Palestinian activists dressed as Na'vi characters from the movie Avatar marched in the village of Bilin to protest the Israeli Wall of Shame built to split the occupied West Bank.
Protesters, painting themselves blue, posed as characters from the hit film "Avatar."
The "Avatar" protest comes a day after Israel has begun work on rerouting a part of its controversial West Bank wall more than two years after a Supreme Court order.
The demonstrators also donned long hair and loincloths Friday for the weekly protest against the wall near the village of Bilin.
They equated their struggle to the intergalactic one portrayed in the film.
In its ruling, the court said the villagers had been discriminated against by having land seized and being cut off from their farmland by the barrier.
However, Israeli decision does not comply with the ruling of International Criminal Court (ICC) in the Hague dated on 9 July 2004, that "Israel's separation wall should be demolished in a decision that were all agreed by the judges by a margin of 14-1."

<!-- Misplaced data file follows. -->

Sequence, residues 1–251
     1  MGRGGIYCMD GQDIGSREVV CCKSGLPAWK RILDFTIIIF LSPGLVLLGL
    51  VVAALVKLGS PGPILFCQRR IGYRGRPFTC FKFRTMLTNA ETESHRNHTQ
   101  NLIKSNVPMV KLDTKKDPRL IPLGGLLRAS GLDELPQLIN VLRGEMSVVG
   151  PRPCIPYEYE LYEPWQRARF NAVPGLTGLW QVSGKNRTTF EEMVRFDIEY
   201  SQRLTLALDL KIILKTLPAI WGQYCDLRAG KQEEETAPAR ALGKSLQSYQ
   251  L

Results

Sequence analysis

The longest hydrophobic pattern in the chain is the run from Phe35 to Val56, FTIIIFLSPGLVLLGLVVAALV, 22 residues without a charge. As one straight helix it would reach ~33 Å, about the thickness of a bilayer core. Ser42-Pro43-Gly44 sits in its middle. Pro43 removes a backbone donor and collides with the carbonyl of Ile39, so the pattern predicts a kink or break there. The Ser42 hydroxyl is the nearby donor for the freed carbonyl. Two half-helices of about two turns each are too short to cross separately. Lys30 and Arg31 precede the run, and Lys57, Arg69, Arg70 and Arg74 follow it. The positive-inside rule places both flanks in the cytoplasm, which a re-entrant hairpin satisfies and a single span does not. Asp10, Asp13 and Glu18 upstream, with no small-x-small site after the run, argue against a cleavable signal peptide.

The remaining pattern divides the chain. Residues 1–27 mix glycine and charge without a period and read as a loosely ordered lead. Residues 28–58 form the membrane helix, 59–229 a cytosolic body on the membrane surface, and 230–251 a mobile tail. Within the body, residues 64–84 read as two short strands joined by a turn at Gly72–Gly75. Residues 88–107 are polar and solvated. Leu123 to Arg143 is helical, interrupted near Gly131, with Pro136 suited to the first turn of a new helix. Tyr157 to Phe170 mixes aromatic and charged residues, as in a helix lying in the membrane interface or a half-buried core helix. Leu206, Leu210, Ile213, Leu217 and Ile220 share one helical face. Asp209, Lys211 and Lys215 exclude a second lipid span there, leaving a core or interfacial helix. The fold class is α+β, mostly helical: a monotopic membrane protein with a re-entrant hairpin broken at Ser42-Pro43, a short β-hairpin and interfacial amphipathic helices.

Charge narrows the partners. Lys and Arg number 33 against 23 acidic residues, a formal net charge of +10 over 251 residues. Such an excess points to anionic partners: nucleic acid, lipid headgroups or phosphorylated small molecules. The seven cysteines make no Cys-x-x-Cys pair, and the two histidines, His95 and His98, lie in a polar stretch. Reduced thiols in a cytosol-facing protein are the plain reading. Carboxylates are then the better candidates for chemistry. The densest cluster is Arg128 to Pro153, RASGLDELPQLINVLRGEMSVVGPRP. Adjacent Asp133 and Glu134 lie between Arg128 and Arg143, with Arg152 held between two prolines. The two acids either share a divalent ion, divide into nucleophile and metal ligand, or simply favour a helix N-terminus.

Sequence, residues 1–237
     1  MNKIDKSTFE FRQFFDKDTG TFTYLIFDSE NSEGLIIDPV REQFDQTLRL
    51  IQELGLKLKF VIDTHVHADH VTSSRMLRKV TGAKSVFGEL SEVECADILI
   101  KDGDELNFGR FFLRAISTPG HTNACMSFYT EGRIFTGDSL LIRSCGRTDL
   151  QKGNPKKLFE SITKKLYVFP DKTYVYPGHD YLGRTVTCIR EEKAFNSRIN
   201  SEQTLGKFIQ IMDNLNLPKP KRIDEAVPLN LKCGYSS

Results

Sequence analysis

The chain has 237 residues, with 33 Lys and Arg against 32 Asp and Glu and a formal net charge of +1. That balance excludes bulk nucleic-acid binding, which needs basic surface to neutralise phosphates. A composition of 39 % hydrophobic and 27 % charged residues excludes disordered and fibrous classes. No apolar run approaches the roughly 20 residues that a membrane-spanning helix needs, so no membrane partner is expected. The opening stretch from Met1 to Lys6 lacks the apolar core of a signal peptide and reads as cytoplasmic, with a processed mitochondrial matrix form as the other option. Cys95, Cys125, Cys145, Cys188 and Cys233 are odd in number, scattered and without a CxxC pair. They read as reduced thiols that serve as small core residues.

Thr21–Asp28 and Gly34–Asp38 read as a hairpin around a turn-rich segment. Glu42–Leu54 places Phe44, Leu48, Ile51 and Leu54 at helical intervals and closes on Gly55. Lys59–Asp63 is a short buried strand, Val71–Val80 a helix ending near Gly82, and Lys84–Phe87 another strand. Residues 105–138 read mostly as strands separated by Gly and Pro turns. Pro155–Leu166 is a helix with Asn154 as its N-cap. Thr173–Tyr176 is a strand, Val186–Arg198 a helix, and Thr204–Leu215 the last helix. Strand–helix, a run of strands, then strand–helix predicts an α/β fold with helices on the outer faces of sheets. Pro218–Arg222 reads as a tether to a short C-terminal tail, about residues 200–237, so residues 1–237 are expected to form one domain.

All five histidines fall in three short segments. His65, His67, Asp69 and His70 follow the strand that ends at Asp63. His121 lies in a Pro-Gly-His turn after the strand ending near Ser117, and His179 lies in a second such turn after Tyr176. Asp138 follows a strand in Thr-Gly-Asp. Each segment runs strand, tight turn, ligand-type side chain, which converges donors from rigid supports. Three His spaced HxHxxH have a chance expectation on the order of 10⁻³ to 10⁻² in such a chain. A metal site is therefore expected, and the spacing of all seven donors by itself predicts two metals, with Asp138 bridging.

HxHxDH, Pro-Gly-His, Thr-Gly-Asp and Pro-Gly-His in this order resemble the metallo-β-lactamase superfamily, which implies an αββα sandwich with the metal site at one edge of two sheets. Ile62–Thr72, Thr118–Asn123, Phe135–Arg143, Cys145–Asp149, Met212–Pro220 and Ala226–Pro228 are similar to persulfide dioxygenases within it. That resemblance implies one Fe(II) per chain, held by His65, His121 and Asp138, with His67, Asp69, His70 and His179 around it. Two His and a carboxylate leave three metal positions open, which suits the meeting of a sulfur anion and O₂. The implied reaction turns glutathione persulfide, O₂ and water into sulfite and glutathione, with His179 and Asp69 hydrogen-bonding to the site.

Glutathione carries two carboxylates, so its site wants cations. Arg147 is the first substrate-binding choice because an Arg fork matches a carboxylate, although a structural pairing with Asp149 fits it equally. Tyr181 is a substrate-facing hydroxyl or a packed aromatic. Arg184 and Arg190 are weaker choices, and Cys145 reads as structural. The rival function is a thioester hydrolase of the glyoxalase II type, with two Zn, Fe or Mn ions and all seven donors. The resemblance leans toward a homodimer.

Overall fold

Bilin has become a symbol of the struggle.
"This is an achievement and a victory for the popular resistance, but this is not enough -- 2,300 dunam (575 acres) were confiscated from Bilin's land, 750 dunam (188 acres) were regained," said demonstrator Iyad Bornat about the rerouting.
Palestinians refer to the barrier as the "apartheid wall" and view it as nothing more than a land grab by Israel to help support and expand settlements in the West Bank.
Hundreds of Palestinian, Israeli and foreign demonstrators have been injured in the clashes over the years and one Palestinian protester was killed.
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